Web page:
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Easts Take ‘Property Developer’ Approach to Bowlo Application

By Siriol Dafydd (@sirioldafyddwriter) on February 22, 2019 in News

Really testing the limits, by Easts Leagues

If you live in the Waverley or Bondi area, you’ve probably heard a lot recently about the fate of the Waverley Bowlo. Despite local efforts to save it in the past, it seems that the powers that be are still intent on tearing it down.

Easts Group, which owns the site, submitted its latest DA to Waverley Council on December 20 last year. It proposed a development for 90 apartments, pool and gym for residents, a 76 place childcare centre, two bowling greens and a club.

In reaction, local residents have expressed concerns about the loss of community spaces, the impact on traffic and the height of the building, amongst other things. Many are also sceptical about the timing of the application, seemingly submit- ted during the busy holiday period in an attempt to minimise public awareness.

Easts Group has denied any foul play, however, and a spokesperson told The Beast “the club was always committed to an open process” and that residents’ concerns “will all be addressed as part of the DA process”.

Easts Group also hosted two information sessions last month in which the project’s traffic experts, town planners and architects were able to hear locals’ concerns first hand.

“The club is trading at a significant deficit, which has been the case since it was acquired by Easts,” a spokesperson said.

“Easts has sought to provide an integrated mixed-use development, which combines generations and community uses to enable its continued contribution back to the community.”

But some locals just aren’t buying it.

“The Waverley Bowling Club is not a failing club with a dwindling membership, it is a busy, highly valued community hub that has been strategically left to be unprofitable,” club member and local resident Bernadette Hayes told The Beast. “For the Easts board to maintain that they can’t run the club without an $83 million development that includes 90 units is ridiculous.”

Mark Nathan from the ‘Save the Waverley Bowlo’ group echoed Ms Hayes’ thoughts.

“The Bowlo is a community asset that for many years has been a social hub,” he said. “It is not only about championship bowling, it caters for groups of mates having a barefoot bowl or families looking for a place to relax and let their kids run around.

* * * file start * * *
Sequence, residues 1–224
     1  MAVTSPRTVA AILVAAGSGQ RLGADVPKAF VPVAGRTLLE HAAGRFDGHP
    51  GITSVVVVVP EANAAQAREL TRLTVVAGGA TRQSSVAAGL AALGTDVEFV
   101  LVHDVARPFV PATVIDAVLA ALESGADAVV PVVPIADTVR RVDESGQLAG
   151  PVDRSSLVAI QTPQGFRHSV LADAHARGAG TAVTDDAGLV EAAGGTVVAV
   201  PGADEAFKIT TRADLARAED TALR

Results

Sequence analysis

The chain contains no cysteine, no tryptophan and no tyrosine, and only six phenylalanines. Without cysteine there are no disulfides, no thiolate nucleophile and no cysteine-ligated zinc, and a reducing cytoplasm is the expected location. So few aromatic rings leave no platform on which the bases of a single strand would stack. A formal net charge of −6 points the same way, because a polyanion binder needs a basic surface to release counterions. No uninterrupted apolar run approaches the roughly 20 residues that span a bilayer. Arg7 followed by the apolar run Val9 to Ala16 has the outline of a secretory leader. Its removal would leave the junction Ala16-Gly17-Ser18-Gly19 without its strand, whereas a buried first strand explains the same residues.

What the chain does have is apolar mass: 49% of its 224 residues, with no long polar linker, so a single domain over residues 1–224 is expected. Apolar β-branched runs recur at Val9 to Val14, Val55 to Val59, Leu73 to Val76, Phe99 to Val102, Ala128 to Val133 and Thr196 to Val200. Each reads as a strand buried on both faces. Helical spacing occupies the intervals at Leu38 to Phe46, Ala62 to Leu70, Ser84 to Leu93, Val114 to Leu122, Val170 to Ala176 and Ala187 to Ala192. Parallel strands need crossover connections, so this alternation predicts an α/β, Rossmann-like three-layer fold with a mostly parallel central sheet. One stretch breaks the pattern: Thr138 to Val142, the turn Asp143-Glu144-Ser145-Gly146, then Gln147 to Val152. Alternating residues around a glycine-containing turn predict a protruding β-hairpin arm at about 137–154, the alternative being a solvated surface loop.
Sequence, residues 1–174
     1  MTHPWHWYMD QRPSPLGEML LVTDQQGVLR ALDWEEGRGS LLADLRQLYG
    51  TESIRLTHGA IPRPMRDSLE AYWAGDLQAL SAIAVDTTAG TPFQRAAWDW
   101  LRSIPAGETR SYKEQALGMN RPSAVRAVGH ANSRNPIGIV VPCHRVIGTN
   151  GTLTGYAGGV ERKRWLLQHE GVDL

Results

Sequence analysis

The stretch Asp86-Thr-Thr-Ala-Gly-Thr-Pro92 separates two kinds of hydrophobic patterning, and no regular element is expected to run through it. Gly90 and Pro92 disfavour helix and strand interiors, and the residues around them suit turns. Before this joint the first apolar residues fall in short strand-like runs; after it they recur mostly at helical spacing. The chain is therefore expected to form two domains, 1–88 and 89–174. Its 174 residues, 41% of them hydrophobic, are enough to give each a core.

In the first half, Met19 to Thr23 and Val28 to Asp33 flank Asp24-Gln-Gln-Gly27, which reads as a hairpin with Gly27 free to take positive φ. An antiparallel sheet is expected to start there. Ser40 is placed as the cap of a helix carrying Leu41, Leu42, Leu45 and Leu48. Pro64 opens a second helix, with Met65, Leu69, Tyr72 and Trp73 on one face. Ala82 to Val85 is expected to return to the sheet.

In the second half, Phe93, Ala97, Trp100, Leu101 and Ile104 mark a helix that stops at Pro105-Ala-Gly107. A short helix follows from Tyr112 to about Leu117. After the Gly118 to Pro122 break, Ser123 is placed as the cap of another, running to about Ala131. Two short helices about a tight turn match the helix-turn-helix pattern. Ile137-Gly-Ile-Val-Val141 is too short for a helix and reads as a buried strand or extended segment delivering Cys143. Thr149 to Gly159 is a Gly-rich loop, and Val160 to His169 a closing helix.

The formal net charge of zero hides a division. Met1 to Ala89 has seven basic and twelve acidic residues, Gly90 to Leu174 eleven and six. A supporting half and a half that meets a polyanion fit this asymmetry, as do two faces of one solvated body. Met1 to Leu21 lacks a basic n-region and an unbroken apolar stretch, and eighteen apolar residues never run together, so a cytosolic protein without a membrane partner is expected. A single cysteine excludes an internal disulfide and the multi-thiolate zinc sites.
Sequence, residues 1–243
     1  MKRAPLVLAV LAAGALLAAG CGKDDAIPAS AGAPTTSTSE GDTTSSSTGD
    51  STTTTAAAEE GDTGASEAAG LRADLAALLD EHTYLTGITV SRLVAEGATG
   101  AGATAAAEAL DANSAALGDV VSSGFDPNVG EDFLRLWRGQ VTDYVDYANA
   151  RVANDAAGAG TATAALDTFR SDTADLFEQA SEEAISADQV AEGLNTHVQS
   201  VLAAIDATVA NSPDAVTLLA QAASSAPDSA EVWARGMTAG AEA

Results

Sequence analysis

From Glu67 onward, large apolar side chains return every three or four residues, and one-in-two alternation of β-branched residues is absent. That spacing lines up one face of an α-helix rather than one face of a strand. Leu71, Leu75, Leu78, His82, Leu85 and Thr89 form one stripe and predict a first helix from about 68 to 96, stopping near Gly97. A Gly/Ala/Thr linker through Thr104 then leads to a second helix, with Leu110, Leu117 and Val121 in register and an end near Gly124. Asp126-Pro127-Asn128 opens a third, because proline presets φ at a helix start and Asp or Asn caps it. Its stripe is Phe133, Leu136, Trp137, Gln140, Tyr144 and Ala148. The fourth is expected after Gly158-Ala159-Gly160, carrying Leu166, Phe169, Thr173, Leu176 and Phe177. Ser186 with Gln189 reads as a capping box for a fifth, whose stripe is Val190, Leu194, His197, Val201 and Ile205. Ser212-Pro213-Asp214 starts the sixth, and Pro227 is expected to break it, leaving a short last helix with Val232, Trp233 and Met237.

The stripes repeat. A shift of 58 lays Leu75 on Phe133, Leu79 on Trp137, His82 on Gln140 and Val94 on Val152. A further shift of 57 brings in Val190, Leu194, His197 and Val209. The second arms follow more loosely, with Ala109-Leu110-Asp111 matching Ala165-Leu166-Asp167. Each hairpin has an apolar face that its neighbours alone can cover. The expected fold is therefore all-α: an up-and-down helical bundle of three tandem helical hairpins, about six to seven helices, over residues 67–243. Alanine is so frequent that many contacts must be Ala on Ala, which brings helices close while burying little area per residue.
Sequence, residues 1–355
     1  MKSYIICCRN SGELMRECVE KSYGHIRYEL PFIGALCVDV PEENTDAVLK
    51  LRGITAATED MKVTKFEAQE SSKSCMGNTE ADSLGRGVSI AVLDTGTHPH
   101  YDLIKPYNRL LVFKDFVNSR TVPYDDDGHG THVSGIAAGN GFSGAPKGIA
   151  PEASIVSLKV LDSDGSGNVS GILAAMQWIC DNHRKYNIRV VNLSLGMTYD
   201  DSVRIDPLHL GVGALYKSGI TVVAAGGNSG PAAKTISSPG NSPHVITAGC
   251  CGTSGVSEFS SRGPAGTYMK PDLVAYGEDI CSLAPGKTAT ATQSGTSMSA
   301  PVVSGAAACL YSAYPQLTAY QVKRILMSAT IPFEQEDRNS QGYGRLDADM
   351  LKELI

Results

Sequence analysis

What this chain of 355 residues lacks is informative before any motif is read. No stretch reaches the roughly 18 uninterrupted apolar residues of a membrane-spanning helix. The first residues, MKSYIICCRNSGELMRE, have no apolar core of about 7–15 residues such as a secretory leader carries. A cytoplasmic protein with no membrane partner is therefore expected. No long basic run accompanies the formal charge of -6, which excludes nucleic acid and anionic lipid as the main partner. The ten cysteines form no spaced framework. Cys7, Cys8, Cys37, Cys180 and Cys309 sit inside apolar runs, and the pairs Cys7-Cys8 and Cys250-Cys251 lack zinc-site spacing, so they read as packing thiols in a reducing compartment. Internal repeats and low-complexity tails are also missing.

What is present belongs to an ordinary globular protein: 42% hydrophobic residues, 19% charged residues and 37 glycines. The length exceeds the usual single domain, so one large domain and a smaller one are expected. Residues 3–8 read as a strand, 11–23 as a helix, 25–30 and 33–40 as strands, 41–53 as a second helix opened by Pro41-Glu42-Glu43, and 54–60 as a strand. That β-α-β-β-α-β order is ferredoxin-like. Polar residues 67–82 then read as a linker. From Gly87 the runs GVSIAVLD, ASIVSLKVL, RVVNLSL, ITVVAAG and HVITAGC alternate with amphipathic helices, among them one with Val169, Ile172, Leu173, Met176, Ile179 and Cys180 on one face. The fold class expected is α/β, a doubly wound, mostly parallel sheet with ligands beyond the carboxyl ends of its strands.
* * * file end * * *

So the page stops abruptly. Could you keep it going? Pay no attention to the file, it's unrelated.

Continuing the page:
“It has a long history and is one of the few family friendly clubs in the area. If the site gets overdeveloped, the open space will be lost for good.”

Though opposed to the current DA, Mr Nathan recognised that some changes to the club need to be made and is eager to see continued communication between Easts and the local community in order to get the best outcome.

“Easts have stated they are open to compromise, however, they have not reflected the community’s feedback about acceptable height, scale and traffic in this DA,” he said.

“Instead they have adopted the ‘property developer’ approach of testing what they can get away with. It is important that all concerned residents let their objections be known as this will help achieve a more acceptable outcome.”

If you’re reading this as soon as The Beast hit your mailbox, you still can lodge your feedback to Waverley Council at dasubmissions@waverley.nsw.gov.au as community consultation is open until February 25.

Peter Monks, Director of Waverley Futures, told The Beast that as the DA indicates that the cost of the project is in the order of $83 million the decision-making body will be the Sydney Eastern City Planning Panel rather than Council’s Waverley Local Panel.

“Council planning staff will consider the DA, the public submissions made on the DA, and prepare a report to be presented to the Sydney Eastern City Planning Panel for their determination,” he said. “This is a major application and it will take several months to be assessed.”